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Pop Conspiracy: B.O.B., Tila Tequila, and the Digitizing of Old School Anti-Semitism

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A Twitter-storm is now the new headline factory, which is no surprise since silliness often hits the top of CNN and the New York Times based on trending hashtags.  While the Malheur rebellion was hitting its twilight, and the police standoff ended in a fatal shooting, B.O.B. was stealing some of the spotlight with his geological ideas.

For those who have not seen the flurry of articles and late-night monologues about this: B.O.B. believes the earth is flat.  We don’t mean this as a Friedmanesque analogy about 21st century corporate globalization, but literally that it is a disc.  The Flat Earth Society has existed for over a century continuing to play on contemporary conspiracy theories to argue that the Earth is not a globe as all of contemporary science proves.  Instead, they make strange arguments about the angling of the horizon and fundamentalist readings of the Bible to argue against what has been the consensus for hundreds of years.  In this view the Arctic Ocean and North Pole reside at the center of this spinning disc, Antarctica is a 150-foot ice wall that holds the oceans in from falling off the edge, and the Sun is about 3,000 miles above Earth.

Those who do ascribe to Flat Earth Theory are not your regular Alex Jones type crackpots, or even those who believe world leaders to be secret Reptilian Humanoids from the lower fourth-dimension.  No, this is the fringe of the fringe, and it would be hard to believe that their numbers are larger than a few hundred in the whole world.  Now, they have a few celebrity cohorts.

This began several weeks ago with former reality-star Tila Tequila going to Twitter to post that the earth was, in fact, flat.  “I WILL STOP MY #FLATEARTH TALK IF SOMEONE CAN SEND ME A GOD DAMN PHOTO OF THE HORIZON WITH A CURVATURE! OTHERWISE IT IS FLAT!,” read one of these.

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B.O.B., the rapper also going by Bobby Ray, then took this idea and ran with it, quoting silly talking points from Flat Earthers about the edge of the horizon, the angle of the sun, and the angles of vision.  Both Tila and B.O.B. went on to basically insult the world’s intelligence and call non-believers sheep, which is why it has been easy to focus on the level of stupidity at pla.  The unfortunate part is that neither Tila nor B.O.B. are simply parroting innocent eccentricities.

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After being made fun of by famed physicist Neil deGrasse Tyson, B.O.B. released a new track called Flatline.  Beyond being barely produced and sung, the song basically strung together various inane conspiracy theories.  Here he insinuates that NASA is a government control plot and pays Tyson for his participation.  Later B.O.B. tweeted him asking if he was a Freemason.  In Flatline, he goes on to discuss cloning, which he says is being done to black celebrities, and that science is a cult of liars.  At midpoint during the song he drops the following line:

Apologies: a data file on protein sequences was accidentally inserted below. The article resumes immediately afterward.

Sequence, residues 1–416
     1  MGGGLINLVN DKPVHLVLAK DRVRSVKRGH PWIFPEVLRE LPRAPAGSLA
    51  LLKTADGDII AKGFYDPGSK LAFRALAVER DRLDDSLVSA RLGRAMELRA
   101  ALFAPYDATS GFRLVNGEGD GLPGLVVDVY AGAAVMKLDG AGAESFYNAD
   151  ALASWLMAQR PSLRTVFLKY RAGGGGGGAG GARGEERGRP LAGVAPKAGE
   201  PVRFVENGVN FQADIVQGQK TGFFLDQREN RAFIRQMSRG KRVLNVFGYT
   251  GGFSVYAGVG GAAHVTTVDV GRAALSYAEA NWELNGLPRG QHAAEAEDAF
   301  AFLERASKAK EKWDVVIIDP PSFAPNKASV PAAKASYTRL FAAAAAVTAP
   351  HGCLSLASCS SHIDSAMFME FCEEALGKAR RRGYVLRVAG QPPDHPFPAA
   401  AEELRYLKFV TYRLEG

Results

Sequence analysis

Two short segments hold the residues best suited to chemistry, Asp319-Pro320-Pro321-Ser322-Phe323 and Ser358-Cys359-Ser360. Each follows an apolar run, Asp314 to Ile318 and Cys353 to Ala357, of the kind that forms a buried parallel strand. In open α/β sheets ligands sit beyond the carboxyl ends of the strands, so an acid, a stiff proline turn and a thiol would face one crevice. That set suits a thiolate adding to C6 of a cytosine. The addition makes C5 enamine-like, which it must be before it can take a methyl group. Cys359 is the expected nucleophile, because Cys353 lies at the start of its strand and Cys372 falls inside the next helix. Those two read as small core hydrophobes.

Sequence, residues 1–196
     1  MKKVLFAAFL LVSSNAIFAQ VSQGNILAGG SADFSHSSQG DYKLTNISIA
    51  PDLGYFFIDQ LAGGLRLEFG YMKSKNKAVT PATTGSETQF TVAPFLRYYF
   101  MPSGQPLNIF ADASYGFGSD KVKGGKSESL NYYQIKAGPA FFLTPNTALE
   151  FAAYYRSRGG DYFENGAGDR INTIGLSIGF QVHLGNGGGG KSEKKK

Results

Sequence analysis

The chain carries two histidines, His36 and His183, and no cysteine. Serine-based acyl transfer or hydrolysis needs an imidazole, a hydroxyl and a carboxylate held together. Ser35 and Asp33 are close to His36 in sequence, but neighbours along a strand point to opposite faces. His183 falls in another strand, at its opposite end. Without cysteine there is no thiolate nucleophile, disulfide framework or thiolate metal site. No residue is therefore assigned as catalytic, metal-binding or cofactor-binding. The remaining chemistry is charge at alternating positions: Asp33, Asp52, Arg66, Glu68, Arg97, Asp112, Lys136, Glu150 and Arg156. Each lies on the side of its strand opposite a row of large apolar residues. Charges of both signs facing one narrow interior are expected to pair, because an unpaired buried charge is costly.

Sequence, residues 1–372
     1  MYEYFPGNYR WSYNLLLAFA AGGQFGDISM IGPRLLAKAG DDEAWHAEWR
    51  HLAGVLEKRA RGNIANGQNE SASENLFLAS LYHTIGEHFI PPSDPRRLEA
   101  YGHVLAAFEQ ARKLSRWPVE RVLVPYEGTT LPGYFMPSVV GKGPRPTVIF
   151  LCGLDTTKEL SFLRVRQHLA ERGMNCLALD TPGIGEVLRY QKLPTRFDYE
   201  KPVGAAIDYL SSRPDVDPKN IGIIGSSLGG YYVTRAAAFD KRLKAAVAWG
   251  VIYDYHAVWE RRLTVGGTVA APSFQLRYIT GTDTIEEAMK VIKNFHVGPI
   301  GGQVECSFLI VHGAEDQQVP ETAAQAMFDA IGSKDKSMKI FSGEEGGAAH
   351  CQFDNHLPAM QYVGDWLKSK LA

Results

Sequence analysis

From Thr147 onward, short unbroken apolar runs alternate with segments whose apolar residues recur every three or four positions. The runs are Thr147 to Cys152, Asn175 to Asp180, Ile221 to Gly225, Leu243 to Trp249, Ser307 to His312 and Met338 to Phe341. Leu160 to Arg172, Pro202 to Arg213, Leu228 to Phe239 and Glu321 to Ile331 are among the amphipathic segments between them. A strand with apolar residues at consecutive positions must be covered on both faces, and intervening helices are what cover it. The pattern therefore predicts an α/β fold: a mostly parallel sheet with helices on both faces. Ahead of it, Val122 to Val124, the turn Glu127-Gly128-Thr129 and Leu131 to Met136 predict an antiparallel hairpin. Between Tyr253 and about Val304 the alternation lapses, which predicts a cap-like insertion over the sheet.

Before you try to curve it, do your research on David Irving.

Stalin was way worse than Hitler.

That’s why POTUS gotta wear a Kippa

There is really only one thing that David Irving is famous for today: Holocaust Denial.

Irving began as a semi-respected historian of the Second World War, especially of Nazi Germany.  Though he was certainly allied with neo-fascist political programs while in college, he went on to publish major works on the Third Reich that were on cutting edge in terms of legitimate scholarship.  It was true that his work was problematic and sympathetic to Nazism even from the earliest publications, and he eventually began saying that the Holocaust was not on the direct order of Hitler.  After the Canadian trial of Ernst Zundel, who was being tried for “inciting racial hatred” for publishing the pamphlet Did Six Million Really Die?, Irving was swayed by the debunked testimony of Fred Leuchter.  He has associated with far-right and neo-Nazi groups, both in speaking for them in talks that blame Jews for their own persecution and for openly stating his own racial nationalist ideas.  Today, he is the most famous Holocaust Denier in the world as he is one of the only deniers who had a historical pedigree ahead of the denial.  He gained further notoriety after suing Deborah Lipstadt in the early 1990s after her book, the seminal work on holocaust denial, Denying the Holocaust, claimed that he was, in fact, a racist and a liar.  He then went through an embarrassing trial where he was forced to try and defend his claims about the Holocaust as a planned program for Jewish extermination, which he could not do.  He eventually lost both his claims and the counter-suit that Lipstadt leveled against him.  Later he was imprisoned in Austria for denying the Holocaust, where it is actually a serious crime.